Russell Davis is Director of Western’s Genre Fiction concentration. He has written and sold numerous novels and short stories in virtually every genre of fiction, under at least a half-dozen pseudonyms. His writing has encompassed media tie-in work in the Transformers universe to action adventure in The Executioner series to original novels and short fiction in anthology titles like Under Cover of Darkness, Law of the Gun, and In the Shadow of Evil. He has also worked as an editor and book packager, and created original anthology titles ranging from westerns like Lost Trails to fantasy like Courts of the Fey. He is a regular speaker at conferences and schools, where he teaches writing, editing and the fundamentals of the publishing industry. He is a past president of the Science Fiction & Fantasy Writers of America, and his newest work, The End of All Seasons, is a collection of short fiction and poetry that came out in 2013.

Robert McBrearty
Robert Garner McBrearty is the winner of the 2007 Sherwood Anderson Writer’s Grant. A native of San Antonio, Texas, he is a 1981 MFA graduate of the Iowa Writers’ Workshop, a contributing editor of The Pushcart Prize anthology, and a consulting editor for Narrative magazine. McBrearty’s most recent collection of short stories, Let the Birds Drink in Peace, was published in October 2011 by Conundrum Press. His previous works, Episode and A Night at the Y, were met with rave reviews.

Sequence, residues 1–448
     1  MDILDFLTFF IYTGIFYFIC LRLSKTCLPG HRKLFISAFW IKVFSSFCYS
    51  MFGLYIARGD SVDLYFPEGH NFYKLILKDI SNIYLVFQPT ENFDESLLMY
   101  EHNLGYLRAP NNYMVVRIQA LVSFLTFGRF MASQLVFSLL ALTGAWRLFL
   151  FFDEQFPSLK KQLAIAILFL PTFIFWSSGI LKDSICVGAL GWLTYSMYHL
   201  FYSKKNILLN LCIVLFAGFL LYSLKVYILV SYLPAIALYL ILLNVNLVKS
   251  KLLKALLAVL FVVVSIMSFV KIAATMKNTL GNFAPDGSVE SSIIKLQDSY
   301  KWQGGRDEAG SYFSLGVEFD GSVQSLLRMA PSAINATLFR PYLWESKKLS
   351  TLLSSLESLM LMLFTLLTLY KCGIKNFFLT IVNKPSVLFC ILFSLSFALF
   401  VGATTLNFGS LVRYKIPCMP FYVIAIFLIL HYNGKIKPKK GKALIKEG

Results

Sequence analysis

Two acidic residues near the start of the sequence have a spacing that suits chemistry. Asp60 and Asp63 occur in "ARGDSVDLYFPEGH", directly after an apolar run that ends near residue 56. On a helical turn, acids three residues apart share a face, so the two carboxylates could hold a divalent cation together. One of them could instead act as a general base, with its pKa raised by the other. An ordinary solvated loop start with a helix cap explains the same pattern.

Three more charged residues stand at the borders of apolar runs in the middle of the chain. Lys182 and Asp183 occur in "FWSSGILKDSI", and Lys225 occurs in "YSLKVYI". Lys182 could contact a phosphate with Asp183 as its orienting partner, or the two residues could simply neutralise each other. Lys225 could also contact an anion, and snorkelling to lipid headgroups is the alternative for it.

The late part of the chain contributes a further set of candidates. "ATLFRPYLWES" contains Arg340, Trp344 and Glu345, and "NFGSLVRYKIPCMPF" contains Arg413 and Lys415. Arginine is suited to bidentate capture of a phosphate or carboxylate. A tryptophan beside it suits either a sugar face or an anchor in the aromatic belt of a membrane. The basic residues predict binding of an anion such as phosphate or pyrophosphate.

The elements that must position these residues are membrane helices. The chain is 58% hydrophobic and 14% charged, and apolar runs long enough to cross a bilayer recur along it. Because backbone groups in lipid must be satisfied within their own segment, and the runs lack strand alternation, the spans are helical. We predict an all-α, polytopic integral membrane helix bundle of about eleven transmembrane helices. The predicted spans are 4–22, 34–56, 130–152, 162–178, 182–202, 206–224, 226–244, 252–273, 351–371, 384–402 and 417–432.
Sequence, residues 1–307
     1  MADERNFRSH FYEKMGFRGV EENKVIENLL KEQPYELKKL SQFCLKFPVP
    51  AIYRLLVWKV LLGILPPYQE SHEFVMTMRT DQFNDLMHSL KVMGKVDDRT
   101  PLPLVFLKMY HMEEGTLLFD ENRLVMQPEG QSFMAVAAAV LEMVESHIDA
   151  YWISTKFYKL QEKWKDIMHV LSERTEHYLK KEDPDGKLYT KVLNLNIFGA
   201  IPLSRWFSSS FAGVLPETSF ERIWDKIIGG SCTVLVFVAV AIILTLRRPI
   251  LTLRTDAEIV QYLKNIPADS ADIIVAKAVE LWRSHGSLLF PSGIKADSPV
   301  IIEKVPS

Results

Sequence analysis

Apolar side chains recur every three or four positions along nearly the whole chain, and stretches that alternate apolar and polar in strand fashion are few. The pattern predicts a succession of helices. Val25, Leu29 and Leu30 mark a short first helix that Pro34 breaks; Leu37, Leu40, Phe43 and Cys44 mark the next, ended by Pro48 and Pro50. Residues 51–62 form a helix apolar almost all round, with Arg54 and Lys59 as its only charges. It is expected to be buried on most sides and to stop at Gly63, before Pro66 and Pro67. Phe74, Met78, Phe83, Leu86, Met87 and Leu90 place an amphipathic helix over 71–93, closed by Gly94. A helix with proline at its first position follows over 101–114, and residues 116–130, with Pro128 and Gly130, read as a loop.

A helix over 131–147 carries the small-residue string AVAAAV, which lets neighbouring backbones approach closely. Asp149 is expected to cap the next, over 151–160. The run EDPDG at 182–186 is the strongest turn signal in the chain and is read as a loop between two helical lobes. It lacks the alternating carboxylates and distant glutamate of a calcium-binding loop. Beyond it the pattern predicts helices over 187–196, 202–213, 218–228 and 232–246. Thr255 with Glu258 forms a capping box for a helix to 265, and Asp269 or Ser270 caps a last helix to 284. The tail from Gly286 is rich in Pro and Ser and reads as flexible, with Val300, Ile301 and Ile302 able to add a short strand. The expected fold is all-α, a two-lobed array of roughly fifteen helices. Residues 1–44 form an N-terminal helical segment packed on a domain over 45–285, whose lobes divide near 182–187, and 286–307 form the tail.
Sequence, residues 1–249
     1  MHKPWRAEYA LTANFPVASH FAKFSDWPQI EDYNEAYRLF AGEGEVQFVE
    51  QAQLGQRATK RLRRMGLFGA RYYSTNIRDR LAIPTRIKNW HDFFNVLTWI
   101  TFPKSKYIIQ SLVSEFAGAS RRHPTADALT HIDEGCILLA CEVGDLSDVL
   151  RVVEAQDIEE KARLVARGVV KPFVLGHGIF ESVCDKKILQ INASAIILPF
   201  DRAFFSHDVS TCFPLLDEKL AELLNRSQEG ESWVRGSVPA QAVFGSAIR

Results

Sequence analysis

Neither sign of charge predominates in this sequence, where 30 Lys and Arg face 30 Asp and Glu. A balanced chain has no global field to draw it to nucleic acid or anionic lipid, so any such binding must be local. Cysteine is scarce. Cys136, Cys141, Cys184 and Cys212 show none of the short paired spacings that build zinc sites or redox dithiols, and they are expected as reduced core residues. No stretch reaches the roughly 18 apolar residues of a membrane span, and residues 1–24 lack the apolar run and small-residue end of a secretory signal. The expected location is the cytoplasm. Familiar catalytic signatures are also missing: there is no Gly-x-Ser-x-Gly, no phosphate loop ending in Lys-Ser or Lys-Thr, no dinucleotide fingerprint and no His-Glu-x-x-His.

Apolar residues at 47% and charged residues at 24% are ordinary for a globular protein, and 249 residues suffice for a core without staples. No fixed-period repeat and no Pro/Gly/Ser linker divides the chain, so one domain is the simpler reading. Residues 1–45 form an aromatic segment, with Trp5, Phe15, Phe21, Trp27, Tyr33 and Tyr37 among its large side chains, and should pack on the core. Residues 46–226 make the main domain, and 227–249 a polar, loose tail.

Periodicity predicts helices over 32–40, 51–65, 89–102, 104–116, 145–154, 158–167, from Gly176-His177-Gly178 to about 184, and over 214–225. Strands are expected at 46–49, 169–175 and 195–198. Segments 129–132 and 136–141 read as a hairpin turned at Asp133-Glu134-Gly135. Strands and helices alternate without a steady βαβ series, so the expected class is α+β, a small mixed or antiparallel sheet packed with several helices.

Michaela Roessner-Herman
Michaela Roessner is visiting professor of Genre Fiction in Western's Graduate Program in Creative Writing. She holds an MFA in Popular Fiction from the University of Southern Maine. She has published four novels, as well as assorted short fiction and nonfiction in publications that include Asimov’s Magazine, The Magazine of Fantasy and Science Fiction, OMNI Magazine, Canada’s Room Magazine and anthologies that include Full Spectrum 2 and Intersections. Her first novel, Walkabout Woman, won the Crawford and John W. Campbell awards. She has also had work short-listed for the Calvino Prize, the Tiptree Award, and the Millennium Publishing short fiction contest. Her current major projects include a number of short fiction pieces, finishing up her novel The Waters of Babylon, completing the last of her trio of novels that center around the early life of Catherine de Medici, and participating in several group ekphrastic commissions.​


J S Mayank Screen